The new Global Biodiversity Fund to restore nature worldwide by 2030 is officially launched

  • Representatives of 185 countries have formally agreed to launch a new fund to increase investment in countries to achieve targets set out in the global biodiversity framework.
  • So far, Canada and the United Kingdom have announced initial contributions to kick-start the fund’s capitalization, contributing $146.8m (CAD 200m) and $12.58m (£10m) respectively.
  • Targets include about 20% of the funds to support indigenous and local work to protect and conserve biodiversity, and at least 36% of the Fund’s resources to support the most vulnerable people, small island developing states and least developed countries.
  • Some human rights and environmental activists are calling for more contributions needed to run the fund and for a strict commitment to allocating funds to indigenous groups.

Yesterday, representatives of 185 countries formally agreed to launch a new fund to increase investment in achieving key global biodiversity targets.

The new Global Biodiversity Framework Fund (GBFF) was endorsed at the seventh meeting of the Global Environment Facility (GEF) in Vancouver, Canada, with wildfires in British Columbia as a backdrop. This comes after global delegates at the United Nations Conference on Biodiversity (COP15) last December in Montreal committed themselves to achieving a set of targets that were signed into a global biodiversity framework. This framework is designed to help halt and reverse biodiversity loss and put nature on a path to recovery by 2030.

The fund will mobilize and accelerate investment from governments, philanthropies, and the private sector to support countries in conserving and sustaining wild species and ecosystems whose health is threatened by wildfires, floods, extreme weather, and human activity, including unsustainable industrial agriculture. consumption and production pressures, and urban sprawl.

According to an in-depth assessment by the Intergovernmental Science-Policy Platform on Biodiversity and Ecosystem Services, or IPBES, in 2019, one million species of plants and animals face extinction.

“The establishment of this Biodiversity Fund is a game-changer for countries’ ability to protect and restore nature and ensure its sustainable use,” Carlos Manuel Rodriguez, CEO and President of the Global Environment Facility, said at a meeting last month.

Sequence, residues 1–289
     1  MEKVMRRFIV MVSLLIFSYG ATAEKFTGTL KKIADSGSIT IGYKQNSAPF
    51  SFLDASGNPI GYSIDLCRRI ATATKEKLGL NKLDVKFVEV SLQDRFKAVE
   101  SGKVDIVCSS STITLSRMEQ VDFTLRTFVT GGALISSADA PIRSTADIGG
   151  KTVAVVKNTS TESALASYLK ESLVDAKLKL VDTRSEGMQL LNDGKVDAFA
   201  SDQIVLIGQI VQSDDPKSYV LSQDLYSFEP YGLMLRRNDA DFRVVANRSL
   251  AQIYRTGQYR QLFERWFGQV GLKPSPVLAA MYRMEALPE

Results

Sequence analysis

Parrots fly over the rainforest in Peru.
Parrots fly over the rainforest in Peru. Photo by Rhett A. Butler/Mongabay.

So far, two countries have announced initial contributions to begin capitalizing the fund and supporting industrialized developing countries experiencing budgetary constraints, many of which are among the most biologically diverse in the world. This included $146.8m (CAD$200m) from Canada and $12.58m (£10m) from the UK.

Canada’s Minister for International Development also announced that the country will provide an additional $16.75 million (CAD 22.8 million) to fund the project. The eighth replenishment of the resources of the Global Environment Facility To support global efforts to address the triple planetary crisis of climate change, biodiversity loss, and pollution.

Up to 20% of GBF funds are intended to support local and indigenous action to protect and conserve biodiversity, and at least 36% of GBD resources are intended to support the most vulnerable people and small island developing and least developed states. countries. About 25% of the funding will be delivered through selected international financial institutions to leverage resources through private sector participation and ensure policy simplification.

Indigenous organizers around the United Nations Convention on Biological Diversity, known as the International Indigenous Forum on Biodiversity (IIFB), have welcomed the goal of allocating 20% ​​of the funds to Indigenous Peoples and Local Communities (IPLCs). Indigenous organizations frequently report being marginalized in receiving biodiversity and climate funds.